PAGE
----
Rachmaninov’s celebrated dictum – “I try to make [my music] say simply and directly that which is in my heart”- is perfectly exemplified in Guillaume Vincent’s playing, where virtuosity is never allowed to trump expressiveness. His is a cool artistry, sensitive to uncovering the poetry and capable of presenting the over-familiar in a completely new light. Rachmanivnov himself grew sick of the C sharp minor Prelude, but he might have loved the subtle terracing of sound it receives here, and he might have been delighted with much else too. Vincent’s weighting and voicing of his chords is fastidiously refined, he brilliantly treats the fast pieces without a trace of hurry, and the lyrical pieces are rendered with lovely delicacy.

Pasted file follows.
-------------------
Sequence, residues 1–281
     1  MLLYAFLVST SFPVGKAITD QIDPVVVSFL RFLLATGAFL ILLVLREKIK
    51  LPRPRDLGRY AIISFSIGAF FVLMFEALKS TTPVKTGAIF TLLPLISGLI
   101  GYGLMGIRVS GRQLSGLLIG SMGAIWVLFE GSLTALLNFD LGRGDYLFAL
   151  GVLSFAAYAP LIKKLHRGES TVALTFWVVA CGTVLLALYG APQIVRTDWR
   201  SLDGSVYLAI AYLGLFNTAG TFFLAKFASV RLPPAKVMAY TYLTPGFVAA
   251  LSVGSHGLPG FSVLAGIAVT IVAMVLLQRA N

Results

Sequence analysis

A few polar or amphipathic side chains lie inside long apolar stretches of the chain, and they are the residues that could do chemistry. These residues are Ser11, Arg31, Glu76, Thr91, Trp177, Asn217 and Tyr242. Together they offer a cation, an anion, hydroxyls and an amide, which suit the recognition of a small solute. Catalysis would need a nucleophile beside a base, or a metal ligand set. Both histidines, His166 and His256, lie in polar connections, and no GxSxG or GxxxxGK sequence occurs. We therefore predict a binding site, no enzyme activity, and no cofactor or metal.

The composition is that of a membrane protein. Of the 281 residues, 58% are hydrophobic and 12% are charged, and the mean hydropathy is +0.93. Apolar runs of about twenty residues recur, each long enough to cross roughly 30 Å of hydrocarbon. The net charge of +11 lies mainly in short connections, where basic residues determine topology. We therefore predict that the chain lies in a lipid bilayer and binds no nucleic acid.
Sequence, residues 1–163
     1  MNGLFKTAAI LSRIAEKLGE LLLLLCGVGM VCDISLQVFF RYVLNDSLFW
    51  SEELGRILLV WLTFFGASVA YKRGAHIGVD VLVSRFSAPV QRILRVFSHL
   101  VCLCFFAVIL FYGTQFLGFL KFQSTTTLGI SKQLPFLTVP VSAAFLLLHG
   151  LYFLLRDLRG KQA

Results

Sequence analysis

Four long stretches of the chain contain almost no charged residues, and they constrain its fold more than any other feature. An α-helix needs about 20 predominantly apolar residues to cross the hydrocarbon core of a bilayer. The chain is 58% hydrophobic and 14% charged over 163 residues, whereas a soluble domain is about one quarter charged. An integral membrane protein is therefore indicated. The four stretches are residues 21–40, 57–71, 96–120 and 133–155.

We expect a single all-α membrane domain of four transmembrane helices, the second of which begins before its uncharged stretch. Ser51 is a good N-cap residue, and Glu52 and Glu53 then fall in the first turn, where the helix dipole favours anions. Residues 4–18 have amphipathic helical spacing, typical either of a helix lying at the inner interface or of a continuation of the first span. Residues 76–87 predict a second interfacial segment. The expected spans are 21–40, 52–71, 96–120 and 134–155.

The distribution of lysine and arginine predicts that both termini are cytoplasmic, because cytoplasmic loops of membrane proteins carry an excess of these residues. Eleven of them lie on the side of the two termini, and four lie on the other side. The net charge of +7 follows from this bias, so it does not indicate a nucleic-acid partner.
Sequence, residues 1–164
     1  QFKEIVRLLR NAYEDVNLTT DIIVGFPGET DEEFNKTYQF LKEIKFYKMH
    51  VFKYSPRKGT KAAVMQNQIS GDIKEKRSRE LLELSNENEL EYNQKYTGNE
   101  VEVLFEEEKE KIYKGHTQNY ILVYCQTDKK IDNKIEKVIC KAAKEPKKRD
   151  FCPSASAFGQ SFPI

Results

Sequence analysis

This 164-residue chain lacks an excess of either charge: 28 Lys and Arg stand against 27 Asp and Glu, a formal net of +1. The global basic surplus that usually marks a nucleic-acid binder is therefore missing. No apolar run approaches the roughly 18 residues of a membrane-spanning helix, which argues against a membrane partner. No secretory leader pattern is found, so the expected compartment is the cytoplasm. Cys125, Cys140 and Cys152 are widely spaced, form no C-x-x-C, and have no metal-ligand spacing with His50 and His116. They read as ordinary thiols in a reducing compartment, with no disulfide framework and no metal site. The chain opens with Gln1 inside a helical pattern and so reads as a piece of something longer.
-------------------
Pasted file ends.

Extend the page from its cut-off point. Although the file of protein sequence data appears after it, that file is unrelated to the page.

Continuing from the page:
Michael Church, BBC Music Magazine, April 2013

Amazing Youth

They have just turned 20 but they are establishing themselves as truly talented musicians. In their demanding programme at the Louvre Auditorium, cellist Yan Levionnois and pianist Guillaume Vincent were perfect representatives of their already accomplished and highly gifted generation.

The two performers do possess the qualities of musicians that we long to listen to and they will mightily play their parts in the music world for many years to come.
Gérard Mannoni, Auditorium du Louvre, le 6/12/2012

Young Prodigy given standing ovation by enraptured Ecuadorian audience .

Supported by the Alliance Française Foundation and the Long-Thibaut Contest, he gave two special recitals on October 6th at the Casa de la Musica in Quito and on October 7th at the Teatro del Banco in Cuenca.

From Beethoven to Brahms to Liszt Guillaume Vincent has selected an atypical repertoire that is difficult to play, thus turning his recital into a real tour de force. His deep concentration, his highly sensitive interpretation and his ability to fully live the music he offers are all assets that have enthralled his Ecuadorian audience. Ecuador unanimously praises Guillaume Vincent.